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As I walked on the lush green hilly terrains to reach Chimi Lhakhang, I was amused by graphic pictures of phallus on the walls of homes and shops. Some of it was aimed at tourists, some authentic. Kids played nonchalantly in the shadow of the wall art while men and women went about their work, not embarrassed of passing such symbols every now and then. In conservative Asian cultures, this is an aberration, even a mild shock!

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Prayer flags fluttered wildly in the unending rice fields as cows grazed nonchalantly in the undulating fields. A dog followed us throughout as we negotiated narrow dirt tracks and open drains to reach the Chimi Lhakhang. Women roasting ‘bhooja’ (Dry Snacks also popular in India) in an incongruous hut filled the air with a comforting fragrance and warmth.

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The cool breeze slapped our cheeks and we would take pauses to soak in the tranquility of the place and admire its raw beauty. Tens of red robed kids were chanting under a tree in their al fresco school.

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As I entered the temple, a child monk approached me and blessed me by softly banging a 10 inches wooden penis on my head. It got me curious and I asked my guide Sonam the reason behind the mystery.

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Sonam transports me to 15th century. Lama Drukpa Kunley (1455- 1529) popularly known as the divine madman of Dragon lineage established the monastery in 1499. Folklore has it that he subdued a cannibal demon goddess with his ‘magic thunderbolt of wisdom’. Following this event, the monastery was established on a hillock in Punakha by his cousin.

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A famous poet, monk and Buddhist scholar, he introduced an alternative school of Buddhism in Bhutan. A connoisseur of wine, women and finer things in life, he broke the tradition and introduced a school of thought which was unashamed of sexuality and encouraged his followers (mostly women) to shun greed and embrace a honest and spiritual life. His sexual adventures are the stuff legends are made up of. It is said that he even employed intercourse as a blessing to his female followers. Through his unorthodox teachings, he enlightened those who listened to him. His influence is still palpable in Bhutan. The lama Kunley saw the hillock (where the monastery is situated) as the ‘breast of a woman’.img_1008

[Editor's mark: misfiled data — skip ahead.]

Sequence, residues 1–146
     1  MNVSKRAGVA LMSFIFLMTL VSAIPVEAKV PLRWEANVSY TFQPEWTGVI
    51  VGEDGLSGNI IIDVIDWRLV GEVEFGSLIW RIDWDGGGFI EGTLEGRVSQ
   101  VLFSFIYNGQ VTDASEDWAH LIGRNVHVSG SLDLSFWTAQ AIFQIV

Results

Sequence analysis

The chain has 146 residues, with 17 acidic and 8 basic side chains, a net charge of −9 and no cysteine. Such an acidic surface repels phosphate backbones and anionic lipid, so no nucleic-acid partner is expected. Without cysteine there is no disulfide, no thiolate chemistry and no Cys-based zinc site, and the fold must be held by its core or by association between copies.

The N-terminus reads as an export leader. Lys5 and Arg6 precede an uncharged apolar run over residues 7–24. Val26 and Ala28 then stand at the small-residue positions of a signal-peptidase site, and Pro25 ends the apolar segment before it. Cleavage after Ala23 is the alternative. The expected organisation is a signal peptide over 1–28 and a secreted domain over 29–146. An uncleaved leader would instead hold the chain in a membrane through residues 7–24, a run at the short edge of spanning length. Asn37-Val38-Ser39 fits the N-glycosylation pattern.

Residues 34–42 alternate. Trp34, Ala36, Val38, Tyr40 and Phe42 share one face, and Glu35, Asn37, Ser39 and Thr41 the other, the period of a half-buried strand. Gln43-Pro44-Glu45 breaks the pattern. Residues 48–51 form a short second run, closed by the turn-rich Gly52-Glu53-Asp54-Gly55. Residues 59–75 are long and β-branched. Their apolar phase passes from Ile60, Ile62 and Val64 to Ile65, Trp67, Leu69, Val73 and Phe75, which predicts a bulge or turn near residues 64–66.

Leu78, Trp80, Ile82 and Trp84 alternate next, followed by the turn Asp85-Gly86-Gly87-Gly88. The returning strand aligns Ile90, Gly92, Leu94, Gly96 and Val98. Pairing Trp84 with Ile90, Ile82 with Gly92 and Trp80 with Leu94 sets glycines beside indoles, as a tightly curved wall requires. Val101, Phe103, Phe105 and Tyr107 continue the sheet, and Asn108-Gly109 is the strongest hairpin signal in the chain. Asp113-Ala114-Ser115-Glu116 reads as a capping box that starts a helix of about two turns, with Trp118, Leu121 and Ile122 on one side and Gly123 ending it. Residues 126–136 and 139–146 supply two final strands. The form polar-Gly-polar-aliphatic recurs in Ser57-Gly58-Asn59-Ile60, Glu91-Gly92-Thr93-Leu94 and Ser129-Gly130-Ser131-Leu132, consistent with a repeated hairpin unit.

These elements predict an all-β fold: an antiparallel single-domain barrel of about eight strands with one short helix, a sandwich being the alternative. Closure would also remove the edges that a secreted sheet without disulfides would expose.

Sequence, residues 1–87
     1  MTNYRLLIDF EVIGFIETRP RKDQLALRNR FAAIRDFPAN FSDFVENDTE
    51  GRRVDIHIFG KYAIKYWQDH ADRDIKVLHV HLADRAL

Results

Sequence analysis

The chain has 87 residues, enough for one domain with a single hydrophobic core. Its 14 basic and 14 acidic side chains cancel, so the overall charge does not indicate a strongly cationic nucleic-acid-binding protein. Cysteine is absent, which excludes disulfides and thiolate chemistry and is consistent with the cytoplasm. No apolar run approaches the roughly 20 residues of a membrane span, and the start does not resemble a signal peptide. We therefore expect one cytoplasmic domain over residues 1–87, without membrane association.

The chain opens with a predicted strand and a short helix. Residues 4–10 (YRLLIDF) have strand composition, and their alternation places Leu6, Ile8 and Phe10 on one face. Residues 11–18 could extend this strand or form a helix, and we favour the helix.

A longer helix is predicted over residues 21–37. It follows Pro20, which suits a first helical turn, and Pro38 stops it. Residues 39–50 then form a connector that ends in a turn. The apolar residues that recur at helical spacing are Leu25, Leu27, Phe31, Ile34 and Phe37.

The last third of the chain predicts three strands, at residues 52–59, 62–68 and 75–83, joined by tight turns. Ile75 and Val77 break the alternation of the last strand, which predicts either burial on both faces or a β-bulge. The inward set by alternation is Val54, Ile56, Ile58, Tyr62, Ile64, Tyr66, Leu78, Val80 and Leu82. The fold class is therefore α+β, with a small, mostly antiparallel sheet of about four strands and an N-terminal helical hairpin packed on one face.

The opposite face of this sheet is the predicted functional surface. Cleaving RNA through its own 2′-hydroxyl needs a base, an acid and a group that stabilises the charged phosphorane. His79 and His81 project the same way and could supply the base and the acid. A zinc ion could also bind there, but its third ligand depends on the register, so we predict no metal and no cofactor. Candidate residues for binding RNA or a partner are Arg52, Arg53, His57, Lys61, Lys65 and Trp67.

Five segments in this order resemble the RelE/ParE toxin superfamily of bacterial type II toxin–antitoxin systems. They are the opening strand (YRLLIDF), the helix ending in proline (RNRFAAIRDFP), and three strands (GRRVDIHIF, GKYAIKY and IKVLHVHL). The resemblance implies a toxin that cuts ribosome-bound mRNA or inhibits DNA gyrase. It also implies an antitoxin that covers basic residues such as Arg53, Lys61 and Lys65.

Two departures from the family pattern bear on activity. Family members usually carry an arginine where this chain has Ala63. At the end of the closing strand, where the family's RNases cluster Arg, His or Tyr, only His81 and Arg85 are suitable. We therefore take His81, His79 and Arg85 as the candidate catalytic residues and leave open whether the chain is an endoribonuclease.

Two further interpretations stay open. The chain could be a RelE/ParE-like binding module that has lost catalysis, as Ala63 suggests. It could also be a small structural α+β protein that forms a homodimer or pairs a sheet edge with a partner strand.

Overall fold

Even today, childless couples head to Chimi Lhakhang to seek cure for their infertility. Also known as the ‘infertility temple’, locals come here to seek blessings. The wooden penis, which the divine madman brought from Tibet is used to bless the women who seek to cure the couple’s infertility. Couples also come here for the naming ceremony of their children.img_1105

The penis figures are also known to ward off the evil spirits and gossips which explain its presence on the walls of the households. However, I was told that in urban areas of Bhutan, the numbers of such figures on walls are dwindling thanks to the growing prudishness and self censorship. Also known as the ‘mad saint’, his unprecedented teaching style was laced with humor, songs and socially unacceptable behavior. He popularized the depiction of erect penis figures outside houses along with a flying wooden penis on the top of the main entrance of the house, much like the ‘toran’ popular in India.

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MORE BLOGS ON BHUTAN:

THE HAA VALLEY: BEST KEPT SECRET OF BHUTAN

ALL YOU WANTED TO KNOW ABOUT PARO

MUST DO THINGS IN THIMPHU: 30 EXCLUSIVE PICTURES

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Tips:

  • Carry Water Bottles. There is a uphill path at the end of the walk which leaves you thirsty.
  • Wear shoes and not slippers. Beware of puddles and open drains.
  • Talk to the locals. They might end up offering you some ‘bhooja’ from their kitchen.
  • Wear hat and goggles since Punakha is warmer than elsewhere in the Paro-Punakha-Haa valley- Thimphu circuit.

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How to reach:

  • Our car left Thimphu at 9:00 am and reached Dochu La at 9:45 a.m.
  • After a break of 45 minutes, we left Dochu La at 10:30 a.m. and reached the road leading to Chimi Lhakhang at 12:15 p.m.
  • At 1:30 p.m. we reached Chimi Lhakhang. Though people take 30 minutes to reach Chimi Lhakhang from the approach road, we stopped many times en route because it was gorgeous.

The walk from approach road to the Chimi Lhakhang top is through an easy trail near the village Sopsokha. It is barely 10 kilometres away from Punakha. We left Chimi Lhakhang at 2:45 p.m.  and reached Punakha Dzong at 3:15 p.m.

My trip was sponsored and all the logistics were taken care of by Bhutan Bookings. Click here to plan your vacation in Bhutan with them.

I was accompanied by travel bloggers – Dipanshu, Manjulika, Parnashree and Swati in the fun company of Sonam Karma and Dipanjan from Bhutan Bookings. Click on their names to read their stories from Bhutan.

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Where to Eat: I would advice to eat at the many restaurants as you you start walking on the dirt tracks. This will give you the energy to keep going! I ate a sumptuous buffet (Noodles, Ema Datshi, rice) at Chimi Lhakhang café. Sit at one of the window seats which overlook the green valley. Beware of the large wooden phallus decorated dubiously at a corner in the washroom though.

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When to go: I was twice. April was slightly hotter than August. I preferred the breezy August weather. It was not cold in either of the months. All you need is light cotton clothes. Morning visit advised.